Things are not always as they seem. If a car looks like a sporty V8, goes like a sporty V8 and, most importantly sounds like a sporty V8, surely it can only be one thing, right? Apparently not. The latest version of Audi’s sleek A6 sedan is set to shatter a few expectations.

Despite ticking all of the boxes above, it’s not a V8 at all. It’s only a V6. And a diesel V6 at that. The great deception of this car is an engine note that tricks you into thinking it’s something that it’s not. Not to mention performance that’s the equal of just about any high-output V8, matched with fuel-efficiency, which would put some hybrids to shame. That’s quite a combination.

Audi has built a reputation for shattering expectations – particularly around diesel engines – in recent years. The German brand has won the famous Le Mans 24-hour race using diesel-powered machines to out-muscle, and then out-last, an armada of the world’s best sports car makers.

Until then, the notion of a diesel engine in a performance machine was rather far-fetched. No longer.

Audi even refers to this latest powerplant as a “performance diesel”. That’s probably a bit like “delicious diet food” but while it might once have been a contradiction in terms, it’s now the new standard at the pointy end of the automotive spectrum.

At the heart of this new A6 is the German manufacturer’s latest 3-litre, biturbo diesel V6, pumping out numbers that almost defy physics. It boasts 230 kilowatts and a gargantuan 660 Newtonmetres of torque – dwarfing the pulling power of most engines. Yet all this grunt results in a combined average thirst of just 6.4L/100km – or just over 5L/100km when the car is cruising on the highway.

In practical terms, it will rocket the A6 to the speed limit in a tick over five seconds – comparable acceleration to a Holden HSV or Ford FPV V8. Audi says it’s the fastest diesel production machine in Australia. Yet its consumption is more in line with a four-cylinder engine – and a rather frugal one at that.

At highway cruising speed and in eighth gear, the engine is barely ticking over at 1200rpm, helping deliver that remarkably frugal thirst – further helped by a stop-start system that kicks in when the car is stationary. But perhaps most surprising of all is the way it sounds. That’s thanks to a deceptive piece of technology called the sound actuator, effectively a loudspeaker that pipes the V8 soundtrack into the car’s exhaust system. What’s more, this rorty sound system is even adjustable.

When we got into the A6, its engine seemed to rumble and grumble like a V8 Supercar. But a click of the dial on the car’s central management system allowed us to select “Comfort” mode, quietening this rumble to a vague burble. You can even mix and match the volume with different settings for throttle response and the car’s suspension set up.

Want the engine and transmission to be more dynamic, but the exhaust note quieter? Click. Want to firm up the suspension, but set the transmission to comfort mode? Click. It truly does allow you to buy one car, yet have several different cars to drive.

And make no mistake – in Dynamic mode this car is remarkably good fun. It’s as responsive and punchy as any V8 – perhaps more so because of its massive torque band – yet can be dialed down to a smooth, urbane luxury sedan when the family’s on board.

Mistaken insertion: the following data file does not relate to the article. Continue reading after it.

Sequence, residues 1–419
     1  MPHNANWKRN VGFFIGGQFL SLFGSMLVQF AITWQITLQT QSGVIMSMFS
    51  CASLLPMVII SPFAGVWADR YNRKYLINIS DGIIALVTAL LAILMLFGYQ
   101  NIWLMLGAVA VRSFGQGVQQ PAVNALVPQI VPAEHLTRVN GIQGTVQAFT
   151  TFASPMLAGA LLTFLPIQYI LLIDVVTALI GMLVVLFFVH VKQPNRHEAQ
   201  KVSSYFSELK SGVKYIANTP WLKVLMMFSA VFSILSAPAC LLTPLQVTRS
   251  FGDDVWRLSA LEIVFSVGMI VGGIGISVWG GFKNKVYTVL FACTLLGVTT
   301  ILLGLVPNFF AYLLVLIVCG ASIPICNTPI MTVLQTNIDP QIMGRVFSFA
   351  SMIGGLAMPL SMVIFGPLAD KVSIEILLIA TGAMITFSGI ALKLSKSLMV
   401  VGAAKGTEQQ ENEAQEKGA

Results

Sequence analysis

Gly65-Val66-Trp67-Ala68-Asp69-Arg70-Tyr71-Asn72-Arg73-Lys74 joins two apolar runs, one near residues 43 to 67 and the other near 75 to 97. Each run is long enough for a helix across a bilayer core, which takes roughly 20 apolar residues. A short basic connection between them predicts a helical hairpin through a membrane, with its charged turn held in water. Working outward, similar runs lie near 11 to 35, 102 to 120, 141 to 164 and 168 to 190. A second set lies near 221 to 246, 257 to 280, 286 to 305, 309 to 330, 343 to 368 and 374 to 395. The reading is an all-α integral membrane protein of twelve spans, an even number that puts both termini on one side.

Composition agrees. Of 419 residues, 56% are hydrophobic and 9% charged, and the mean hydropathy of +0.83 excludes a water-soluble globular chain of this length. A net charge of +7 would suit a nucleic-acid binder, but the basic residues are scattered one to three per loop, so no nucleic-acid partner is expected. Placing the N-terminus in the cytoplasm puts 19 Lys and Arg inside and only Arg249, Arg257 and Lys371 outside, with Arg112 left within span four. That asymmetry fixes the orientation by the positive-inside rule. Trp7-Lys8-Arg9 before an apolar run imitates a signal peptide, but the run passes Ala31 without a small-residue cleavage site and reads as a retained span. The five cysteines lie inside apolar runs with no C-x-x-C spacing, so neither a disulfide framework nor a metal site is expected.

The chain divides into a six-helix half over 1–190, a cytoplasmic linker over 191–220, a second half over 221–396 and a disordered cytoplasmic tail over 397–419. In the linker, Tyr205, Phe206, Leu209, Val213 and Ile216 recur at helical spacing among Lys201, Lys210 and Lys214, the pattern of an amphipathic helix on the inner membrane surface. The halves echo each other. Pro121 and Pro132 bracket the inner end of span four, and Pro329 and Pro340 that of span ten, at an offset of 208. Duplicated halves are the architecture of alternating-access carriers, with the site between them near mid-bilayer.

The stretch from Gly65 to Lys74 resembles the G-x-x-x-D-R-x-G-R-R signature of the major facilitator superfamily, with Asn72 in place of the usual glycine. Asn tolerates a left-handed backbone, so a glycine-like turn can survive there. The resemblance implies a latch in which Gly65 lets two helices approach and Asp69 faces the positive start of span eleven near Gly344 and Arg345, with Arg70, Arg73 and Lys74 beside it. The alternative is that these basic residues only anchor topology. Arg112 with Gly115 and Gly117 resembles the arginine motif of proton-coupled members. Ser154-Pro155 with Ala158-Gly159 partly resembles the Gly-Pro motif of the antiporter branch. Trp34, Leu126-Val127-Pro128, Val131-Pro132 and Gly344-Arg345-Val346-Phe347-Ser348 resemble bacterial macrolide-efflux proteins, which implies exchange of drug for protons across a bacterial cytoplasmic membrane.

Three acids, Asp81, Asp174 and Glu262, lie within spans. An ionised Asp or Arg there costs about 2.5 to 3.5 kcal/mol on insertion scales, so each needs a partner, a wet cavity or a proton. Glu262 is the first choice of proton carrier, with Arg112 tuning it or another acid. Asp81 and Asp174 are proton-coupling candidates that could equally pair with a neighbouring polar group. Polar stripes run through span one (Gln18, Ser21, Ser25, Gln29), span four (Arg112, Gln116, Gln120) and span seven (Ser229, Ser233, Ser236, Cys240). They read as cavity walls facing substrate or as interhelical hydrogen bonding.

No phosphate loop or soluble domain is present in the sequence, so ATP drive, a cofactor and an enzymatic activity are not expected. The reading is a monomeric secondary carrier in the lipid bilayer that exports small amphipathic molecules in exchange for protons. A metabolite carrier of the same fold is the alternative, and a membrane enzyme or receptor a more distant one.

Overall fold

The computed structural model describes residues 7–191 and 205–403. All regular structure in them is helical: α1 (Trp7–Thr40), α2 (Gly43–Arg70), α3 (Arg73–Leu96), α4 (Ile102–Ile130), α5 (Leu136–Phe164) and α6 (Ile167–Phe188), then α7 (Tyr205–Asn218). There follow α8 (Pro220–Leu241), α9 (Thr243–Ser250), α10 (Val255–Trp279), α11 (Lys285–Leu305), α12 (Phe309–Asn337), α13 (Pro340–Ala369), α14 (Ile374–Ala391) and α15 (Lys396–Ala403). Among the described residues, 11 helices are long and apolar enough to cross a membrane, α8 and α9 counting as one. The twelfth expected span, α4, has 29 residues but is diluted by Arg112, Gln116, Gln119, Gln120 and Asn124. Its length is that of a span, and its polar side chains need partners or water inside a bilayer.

For the technically minded, the new biturbo V6 uses sequential turbo-chargers – one smaller, variable-turbine version, which does most of the work at low-speeds and a larger turbo that takes over from about upwards. Unusually for a diesel, it will happily spin to 5200rpm.

In our test machine, all that driveline technology is packed into a car that, in itself, is one of the most improved models in its class.

The A6 has always struggled to find traction against its German arch-rivals, the BMW 5 Series and Mercedes-Benz E-Class, as well as other contenders such as Lexus’ smart new GS and the beautiful Jaguar XF. But with its Quattro all-wheel-drive system and a vastly-improved interior, particularly the clever instrument panel treatment and superb cockpit finishes, the A6 is fast making ground on its rivals.

Add to that the exemplary road manners of its adjustable suspension system and the A6’s $118,000 price tag starts to look like quite a bargain. Helping that value equation is a thirst well below 7L/100km.

Standard kit is generous, too – including rear-view camera, handsome big alloys, a superb Bose audio system with Bluetooth streaming; keyless entry, electric memory seats, sunroof, Xenon headlights with LED driving lights and a high-end navigation and management system.

Audi says that diesels already account for more than half of its A6 sales and this new biturbo seems likely to enhance that appeal.

Always a good car, the A6 felt just short of being a great one in such esteemed company. But I suspect that, particularly with this engine package at a tasty price, it’s going to attract a whole lot more attention.

And not just because of the way it sounds.


DETAILS: Four-door, five-seat full-sized luxury sedan with dual turbo-charged diesel engine and eight-speed automatic transmission.

TECH STUFF: 3.0-litre, common rail direct injected 2-stage turbo-diesel produces 230kW@3900-4500rpm, 650Nm@1450-2800rpm; eight-speed tiptronic transmission with sport mode and wheel-mounted gear-change paddles; Quattro permanent all-wheel-drive system.

FEATURES: Front, side, seat-mounted, rear and curtain airbags (10 in all); electronic stability control with anti-slip, ABS and ABC with brake assist; electromechanical park brake, Milano leather upholstery, electric seats, windows and mirrors, keyless entry; satellite navigation, adjustable suspension, automatic wipers and Bi-xenon headlights; Bose audio system with Bluetooth streaming.

THIRST: 6.4L/100km.

VERDICT: A diesel in name only.